Wanted Iraqi lawmaker returns, and quickly flees
The jet left Baghdad and had just crossed the ribbon of blue indicating the Euphrates River thousands of feet below when it arced back toward...
Los Angeles Times
BAGHDAD — The jet left Baghdad and had just crossed the ribbon of blue indicating the Euphrates River thousands of feet below when it arced back toward the Iraqi capital Wednesday.
Upon landing at Baghdad's airport, a security guard boarded the plane and left with a high-profile passenger, parliament member Mohammed al-Dayni. But al-Dayni's location remains a mystery as the clamor over his suspected crimes, everything from homicide to gold heists, escalates and threatens to rev up sectarian polarization in parliament.
The plainclothes security guard who escorted al-Dayni, a Sunni Arab politician, off the plane was part of his personal security contingent, as were the security officers who drove away with him soon before a nationwide manhunt began.
Late Wednesday, Iraqi security force spokesman Brig. Gen. Qassim al-Moussawi said police were scouring the country and watching the borders for al-Dayni, who faced arrest after fellow lawmakers' vote earlier in the day to lift his parliamentary immunity. The order to turn his flight around came from the prime minister's office, shortly before the vote.
But the lifting of immunity apparently did not come early enough for police to be ready when the Iraqi Airways jet landed in Baghdad. The lawmaker had time to evade what he says is a politically charged indictment being steered by Prime Minister Nouri al-Maliki's Shiite-led government.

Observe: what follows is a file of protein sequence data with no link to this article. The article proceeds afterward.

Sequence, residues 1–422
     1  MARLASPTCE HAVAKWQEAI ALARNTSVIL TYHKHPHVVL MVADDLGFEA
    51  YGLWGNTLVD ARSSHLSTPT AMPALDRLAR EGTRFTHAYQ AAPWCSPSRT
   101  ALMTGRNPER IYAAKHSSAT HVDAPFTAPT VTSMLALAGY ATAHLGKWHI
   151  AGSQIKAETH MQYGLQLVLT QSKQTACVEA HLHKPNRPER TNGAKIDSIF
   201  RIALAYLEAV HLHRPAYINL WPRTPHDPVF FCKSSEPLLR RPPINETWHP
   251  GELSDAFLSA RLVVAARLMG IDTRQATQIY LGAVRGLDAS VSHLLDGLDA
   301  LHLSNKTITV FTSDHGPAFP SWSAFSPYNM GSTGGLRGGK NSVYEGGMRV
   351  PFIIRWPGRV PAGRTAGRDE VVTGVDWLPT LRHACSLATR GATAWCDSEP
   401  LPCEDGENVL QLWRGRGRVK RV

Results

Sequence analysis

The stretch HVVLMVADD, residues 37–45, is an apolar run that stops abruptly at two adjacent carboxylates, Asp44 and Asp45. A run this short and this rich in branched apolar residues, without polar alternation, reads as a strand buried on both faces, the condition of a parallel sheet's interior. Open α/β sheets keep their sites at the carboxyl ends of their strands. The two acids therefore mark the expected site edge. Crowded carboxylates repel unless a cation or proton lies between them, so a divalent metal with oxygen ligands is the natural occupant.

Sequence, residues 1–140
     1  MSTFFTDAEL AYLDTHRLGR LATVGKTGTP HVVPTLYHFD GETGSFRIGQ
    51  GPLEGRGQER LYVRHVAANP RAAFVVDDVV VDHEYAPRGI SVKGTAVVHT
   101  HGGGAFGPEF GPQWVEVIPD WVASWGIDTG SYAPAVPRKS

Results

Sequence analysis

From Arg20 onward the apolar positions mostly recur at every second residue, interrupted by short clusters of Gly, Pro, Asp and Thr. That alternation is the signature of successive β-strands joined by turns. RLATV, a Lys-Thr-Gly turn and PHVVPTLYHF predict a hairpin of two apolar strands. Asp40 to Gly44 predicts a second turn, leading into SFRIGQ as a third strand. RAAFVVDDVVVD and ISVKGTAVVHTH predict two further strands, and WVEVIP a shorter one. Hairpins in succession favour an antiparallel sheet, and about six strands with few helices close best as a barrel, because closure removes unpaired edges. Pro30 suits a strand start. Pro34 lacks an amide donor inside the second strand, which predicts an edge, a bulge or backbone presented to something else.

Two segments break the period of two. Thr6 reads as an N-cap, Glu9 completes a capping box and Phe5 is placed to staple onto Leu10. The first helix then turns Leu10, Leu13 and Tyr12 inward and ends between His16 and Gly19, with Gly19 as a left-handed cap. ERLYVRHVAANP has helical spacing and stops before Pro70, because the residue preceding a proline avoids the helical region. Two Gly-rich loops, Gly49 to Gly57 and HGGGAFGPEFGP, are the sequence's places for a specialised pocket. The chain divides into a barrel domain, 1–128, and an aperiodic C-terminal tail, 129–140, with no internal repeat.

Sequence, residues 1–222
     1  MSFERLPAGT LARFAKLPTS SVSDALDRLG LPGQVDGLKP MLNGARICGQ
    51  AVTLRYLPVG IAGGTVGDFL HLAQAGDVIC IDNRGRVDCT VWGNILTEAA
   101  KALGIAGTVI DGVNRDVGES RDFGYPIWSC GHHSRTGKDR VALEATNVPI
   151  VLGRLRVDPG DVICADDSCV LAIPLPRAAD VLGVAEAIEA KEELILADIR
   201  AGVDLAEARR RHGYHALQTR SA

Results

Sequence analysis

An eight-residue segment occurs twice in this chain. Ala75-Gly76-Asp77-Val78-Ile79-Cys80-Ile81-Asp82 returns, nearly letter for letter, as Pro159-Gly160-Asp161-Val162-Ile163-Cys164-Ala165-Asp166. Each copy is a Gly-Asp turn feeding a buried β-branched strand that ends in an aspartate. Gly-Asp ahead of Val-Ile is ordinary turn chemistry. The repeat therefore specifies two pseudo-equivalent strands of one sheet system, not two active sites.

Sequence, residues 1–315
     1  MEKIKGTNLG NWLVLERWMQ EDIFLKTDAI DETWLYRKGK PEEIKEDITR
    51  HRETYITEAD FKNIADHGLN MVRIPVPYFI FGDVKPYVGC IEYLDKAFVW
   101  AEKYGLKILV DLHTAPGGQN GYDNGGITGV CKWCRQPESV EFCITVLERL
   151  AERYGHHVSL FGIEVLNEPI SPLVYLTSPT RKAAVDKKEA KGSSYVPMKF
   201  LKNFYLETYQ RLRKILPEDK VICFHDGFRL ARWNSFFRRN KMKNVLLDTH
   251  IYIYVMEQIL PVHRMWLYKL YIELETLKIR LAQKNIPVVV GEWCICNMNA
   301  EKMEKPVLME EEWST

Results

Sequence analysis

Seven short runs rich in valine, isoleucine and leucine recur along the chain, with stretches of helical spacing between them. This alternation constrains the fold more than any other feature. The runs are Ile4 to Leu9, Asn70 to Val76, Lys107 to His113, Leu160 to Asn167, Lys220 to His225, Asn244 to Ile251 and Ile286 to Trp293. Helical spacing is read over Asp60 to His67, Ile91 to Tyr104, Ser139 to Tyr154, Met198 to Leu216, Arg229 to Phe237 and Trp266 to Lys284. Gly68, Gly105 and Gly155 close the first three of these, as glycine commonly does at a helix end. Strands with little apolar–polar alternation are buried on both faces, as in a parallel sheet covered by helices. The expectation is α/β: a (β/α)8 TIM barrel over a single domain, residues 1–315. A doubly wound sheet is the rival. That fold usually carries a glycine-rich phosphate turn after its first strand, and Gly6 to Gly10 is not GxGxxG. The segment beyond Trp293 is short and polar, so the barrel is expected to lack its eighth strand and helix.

The case erupted Sunday when al-Moussawi said al-Dayni, a frequent critic of al-Maliki's government and opponent of the U.S. presence in Iraq, was a key suspect in the April 2007 bombing of the national parliament.
At a news conference, al-Moussawi showed footage of purported confessions by two bodyguards of al-Dayni detailing crimes allegedly ordered by the lawmaker: massacres of innocents in his home region, Diyala province; holdups of gold sellers in Baghdad; launchings of mortar rounds into the fortified Green Zone; and the parliament bombing, which killed Sunni lawmaker Mohammed Awad.
Al-Dayni responded with a news conference of his own, denying wrongdoing and saying his guards had been forced to confess. "This is an alarm bell" for all opposition lawmakers, al-Dayni said.
He did not answer his phone Wednesday night but earlier told The Associated Press he was going to visit relatives in Jordan when his flight was turned back.
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Seattle Times transportation reporter Mike Lindblom describes some of the factors that may have led to the collapse of the I-5 bridge over the Skagit River in Mount Vernon on Thursday, May 23.
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